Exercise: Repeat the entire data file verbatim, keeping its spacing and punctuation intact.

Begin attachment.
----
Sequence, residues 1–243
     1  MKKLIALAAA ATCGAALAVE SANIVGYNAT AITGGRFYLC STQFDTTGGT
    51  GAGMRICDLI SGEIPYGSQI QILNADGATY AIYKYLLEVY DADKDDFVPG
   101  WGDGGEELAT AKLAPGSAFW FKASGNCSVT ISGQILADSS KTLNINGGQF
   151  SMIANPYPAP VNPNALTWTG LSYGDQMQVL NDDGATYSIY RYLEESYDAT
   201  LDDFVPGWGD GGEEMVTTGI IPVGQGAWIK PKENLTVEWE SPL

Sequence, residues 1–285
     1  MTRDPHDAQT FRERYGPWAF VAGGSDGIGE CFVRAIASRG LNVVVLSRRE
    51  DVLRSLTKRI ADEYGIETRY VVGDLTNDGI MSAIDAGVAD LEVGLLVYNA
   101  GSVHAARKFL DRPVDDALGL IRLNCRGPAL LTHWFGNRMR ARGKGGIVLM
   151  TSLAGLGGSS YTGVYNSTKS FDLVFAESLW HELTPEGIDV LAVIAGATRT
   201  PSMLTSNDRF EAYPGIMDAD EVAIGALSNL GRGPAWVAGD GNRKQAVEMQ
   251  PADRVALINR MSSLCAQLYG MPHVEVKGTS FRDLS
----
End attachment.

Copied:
Sequence, residues 1–243
     1  MKKLIALAAA ATCGAALAVE SANIVGYNAT AITGGRFYLC STQFDTTGGT
    51  GAGMRICDLI SGEIPYGSQI QILNADGATY AIYKYLLEVY DADKDDFVPG
   101  WGDGGEELAT AKLAPGSAFW FKASGNCSVT ISGQILADSS KTLNINGGQF
   151  SMIANPYPAP VNPNALTWTG LSYGDQMQVL NDDGATYSIY RYLEESYDAT
   201  LDDFVPGWGD GGEEMVTTGI IPVGQGAWIK PKENLTVEWE SPL

Sequence, residues 1–285
     1  MTRDPHDAQT FRERYGPWAF VAGGSDGIGE CFVRAIASRG LNVVVLSRRE
    51  DVLRSLTKRI ADEYGIETRY VVGDLTNDGI MSAIDAGVAD LEVGLLVYNA
   101  GSVHAARKFL DRPVDDALGL IRLNCRGPAL LTHWFGNRMR ARGKGGIVLM
   151  TSLAGLGGSS YTGVYNSTKS FDLVFAESLW HELTPEGIDV LAVIAGATRT
   201  PSMLTSNDRF EAYPGIMDAD EVAIGALSNL GRGPAWVAGD GNRKQAVEMQ
   251  PADRVALINR MSSLCAQLYG MPHVEVKGTS FRDLS